I dont see problem than steampunk become mainstream because for me steampunk is only a sci-fi genre. For me  ''mainstream'' mean '' abundance horn'' where came to steampunk. Howewer, i understand than the appropriation by mass industry of the neo-victorian fashion movement (than i separate without fully dissociate of steampunk)  would be much more depleasant, knowing the fact it his anti-consumerist by definition.
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groomporter
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« Reply #80 on: July 07, 2008, 04:31:16 am »

Three years ago I became aware of this little known subculture that was Steampunk, but over time it seems to have grown at an incredible rate, most notably on Second Life.

Is this a good or a bad thing for the culture?

My experience with Goth suggests not Sad  Already I am seeing the "Is it Steampunk or not?" question cause a great many arguments, the very same thing that killed Goth.  Maybe it’s just me, but I like to decide for myself what is Steampunk, not have it dictated to me by some unelected governing body.  I don’t like to come across as elitist, far from it, I am just a casual fan, but I do worry that the culture will become sold out and that big corporations will invade the genre much like Alchemy Gothic and New Rock invaded Goth.

Goth started as more of a teen counter-culture thing though. I've seen it as starting as a form of teen-aged rebellion that has been diluted and commercialized into a fad and "club wear" sold by stores like Hot Topic, whereas, at least in the U.S., Steampunk has more of a fandom connection to SciFi/Fantasy fiction and role playing games, so I can see maybe neo-Victorian fashions maybe influencing some mainstream fashions, but not steam punk itself.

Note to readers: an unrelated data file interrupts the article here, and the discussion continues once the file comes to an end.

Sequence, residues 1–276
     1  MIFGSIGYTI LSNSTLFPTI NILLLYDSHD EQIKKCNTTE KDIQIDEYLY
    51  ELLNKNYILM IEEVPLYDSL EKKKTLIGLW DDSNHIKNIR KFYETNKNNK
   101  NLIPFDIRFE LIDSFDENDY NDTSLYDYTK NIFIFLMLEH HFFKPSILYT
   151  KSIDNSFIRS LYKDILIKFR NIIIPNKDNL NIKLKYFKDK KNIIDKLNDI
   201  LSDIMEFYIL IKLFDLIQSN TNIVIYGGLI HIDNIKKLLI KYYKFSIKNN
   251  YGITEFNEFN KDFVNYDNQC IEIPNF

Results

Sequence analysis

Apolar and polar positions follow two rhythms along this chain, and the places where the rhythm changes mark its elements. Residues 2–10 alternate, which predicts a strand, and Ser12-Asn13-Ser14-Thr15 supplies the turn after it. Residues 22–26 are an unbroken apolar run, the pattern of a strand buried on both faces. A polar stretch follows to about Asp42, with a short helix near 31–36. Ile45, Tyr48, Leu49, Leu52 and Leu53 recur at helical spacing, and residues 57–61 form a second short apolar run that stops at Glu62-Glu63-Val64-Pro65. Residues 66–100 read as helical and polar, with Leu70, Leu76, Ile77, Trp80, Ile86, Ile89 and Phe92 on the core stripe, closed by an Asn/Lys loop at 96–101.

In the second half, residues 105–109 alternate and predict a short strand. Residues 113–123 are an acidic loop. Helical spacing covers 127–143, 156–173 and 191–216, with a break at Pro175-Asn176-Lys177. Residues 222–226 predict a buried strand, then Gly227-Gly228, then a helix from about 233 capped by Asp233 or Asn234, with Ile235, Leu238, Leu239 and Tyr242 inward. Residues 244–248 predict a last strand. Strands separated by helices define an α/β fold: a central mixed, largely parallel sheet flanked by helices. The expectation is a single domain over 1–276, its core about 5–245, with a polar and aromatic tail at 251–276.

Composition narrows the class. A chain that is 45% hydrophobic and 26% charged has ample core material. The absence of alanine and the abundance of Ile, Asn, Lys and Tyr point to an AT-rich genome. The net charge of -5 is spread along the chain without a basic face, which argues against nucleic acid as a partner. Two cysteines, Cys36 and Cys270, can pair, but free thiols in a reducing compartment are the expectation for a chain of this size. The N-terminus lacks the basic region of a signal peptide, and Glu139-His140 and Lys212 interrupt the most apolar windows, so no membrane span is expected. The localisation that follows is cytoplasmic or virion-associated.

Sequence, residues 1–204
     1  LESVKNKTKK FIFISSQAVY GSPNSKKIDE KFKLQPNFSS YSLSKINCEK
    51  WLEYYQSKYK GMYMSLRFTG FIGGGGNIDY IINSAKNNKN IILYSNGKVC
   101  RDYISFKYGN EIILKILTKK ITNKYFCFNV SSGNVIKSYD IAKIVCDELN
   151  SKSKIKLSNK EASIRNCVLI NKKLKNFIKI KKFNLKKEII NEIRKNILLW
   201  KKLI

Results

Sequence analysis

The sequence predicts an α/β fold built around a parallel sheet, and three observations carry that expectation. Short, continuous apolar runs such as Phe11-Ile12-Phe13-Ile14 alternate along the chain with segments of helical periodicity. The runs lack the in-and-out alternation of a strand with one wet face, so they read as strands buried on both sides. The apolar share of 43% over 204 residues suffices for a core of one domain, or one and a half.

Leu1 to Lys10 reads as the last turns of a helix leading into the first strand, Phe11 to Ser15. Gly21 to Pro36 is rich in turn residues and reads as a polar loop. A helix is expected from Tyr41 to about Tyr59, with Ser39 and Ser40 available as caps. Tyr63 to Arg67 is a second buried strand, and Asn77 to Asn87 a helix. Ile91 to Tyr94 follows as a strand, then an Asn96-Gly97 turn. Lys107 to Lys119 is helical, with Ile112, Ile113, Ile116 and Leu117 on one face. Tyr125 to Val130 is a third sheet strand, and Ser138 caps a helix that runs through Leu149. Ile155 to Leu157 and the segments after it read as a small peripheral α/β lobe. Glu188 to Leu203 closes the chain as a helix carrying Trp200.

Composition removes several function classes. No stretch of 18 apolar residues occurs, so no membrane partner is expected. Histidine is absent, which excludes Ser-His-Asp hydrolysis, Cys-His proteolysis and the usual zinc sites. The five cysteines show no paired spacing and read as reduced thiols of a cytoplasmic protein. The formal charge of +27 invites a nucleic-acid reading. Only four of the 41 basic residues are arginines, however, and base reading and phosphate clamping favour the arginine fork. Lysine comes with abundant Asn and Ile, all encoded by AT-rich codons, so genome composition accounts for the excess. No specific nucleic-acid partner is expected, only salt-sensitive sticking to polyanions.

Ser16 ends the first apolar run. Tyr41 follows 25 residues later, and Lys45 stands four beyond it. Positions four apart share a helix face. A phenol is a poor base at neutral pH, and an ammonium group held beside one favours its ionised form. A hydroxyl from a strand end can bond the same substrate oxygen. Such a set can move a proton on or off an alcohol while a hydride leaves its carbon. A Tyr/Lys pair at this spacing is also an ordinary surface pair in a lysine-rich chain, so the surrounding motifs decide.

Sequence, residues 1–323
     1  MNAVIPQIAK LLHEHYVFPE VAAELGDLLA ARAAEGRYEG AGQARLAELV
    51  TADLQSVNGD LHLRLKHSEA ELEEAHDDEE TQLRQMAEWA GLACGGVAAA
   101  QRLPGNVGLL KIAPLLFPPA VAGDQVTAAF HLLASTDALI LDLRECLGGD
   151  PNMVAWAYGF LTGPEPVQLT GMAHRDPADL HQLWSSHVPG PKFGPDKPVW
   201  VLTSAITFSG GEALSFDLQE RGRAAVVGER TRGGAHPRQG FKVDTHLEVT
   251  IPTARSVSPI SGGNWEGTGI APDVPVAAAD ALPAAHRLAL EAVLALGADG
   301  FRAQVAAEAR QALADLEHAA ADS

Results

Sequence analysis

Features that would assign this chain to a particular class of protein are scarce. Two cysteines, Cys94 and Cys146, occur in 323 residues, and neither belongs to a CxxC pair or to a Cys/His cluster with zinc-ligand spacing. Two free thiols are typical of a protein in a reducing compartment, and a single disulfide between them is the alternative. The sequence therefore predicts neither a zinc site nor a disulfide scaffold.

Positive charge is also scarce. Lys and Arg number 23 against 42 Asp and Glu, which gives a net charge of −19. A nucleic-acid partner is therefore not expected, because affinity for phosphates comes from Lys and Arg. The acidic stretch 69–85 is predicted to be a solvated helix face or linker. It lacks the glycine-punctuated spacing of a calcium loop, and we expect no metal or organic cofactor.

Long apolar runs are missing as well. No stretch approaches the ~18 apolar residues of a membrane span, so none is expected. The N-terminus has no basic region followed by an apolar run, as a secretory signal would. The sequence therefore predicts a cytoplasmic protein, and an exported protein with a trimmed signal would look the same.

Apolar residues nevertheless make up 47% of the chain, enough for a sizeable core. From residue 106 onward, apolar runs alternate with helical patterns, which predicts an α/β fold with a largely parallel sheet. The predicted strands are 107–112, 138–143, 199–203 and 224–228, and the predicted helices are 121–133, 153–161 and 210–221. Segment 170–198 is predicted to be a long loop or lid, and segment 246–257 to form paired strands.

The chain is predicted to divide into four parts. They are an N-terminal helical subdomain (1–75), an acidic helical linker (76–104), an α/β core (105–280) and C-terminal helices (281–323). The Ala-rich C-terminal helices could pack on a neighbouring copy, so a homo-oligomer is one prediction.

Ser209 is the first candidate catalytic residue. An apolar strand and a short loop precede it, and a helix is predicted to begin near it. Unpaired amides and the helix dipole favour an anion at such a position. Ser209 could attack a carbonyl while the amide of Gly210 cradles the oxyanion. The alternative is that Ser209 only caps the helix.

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Robert Sandler
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« Reply #81 on: July 07, 2008, 06:08:17 am »

Although it is true that Steampunk is different from the former victims of the mainstream, groomporter, that doesn't exactly mean that we are safe.  At best Steampunk going mainstream would invoke a change in the way society views consumerism, which no company with the ability to make it mainstream wants.  At worst it will turn Steampunk into yet another buzzword, attached to products to sell to the sheeple that follow trends for a few months until they move on to the next victim.  Unfortunately I feel that this latter case is more likely, but we will survive the onslaught and with some determination could make Steampunk glorious in the eyes of the public once the wave of ignorance has passed.
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KneeNAR
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« Reply #82 on: July 07, 2008, 01:12:19 pm »

I think it will take awhile for steampunk to reach mainstream status. Judging from my local area and some of the steamy people I know... I would probably be the youngest.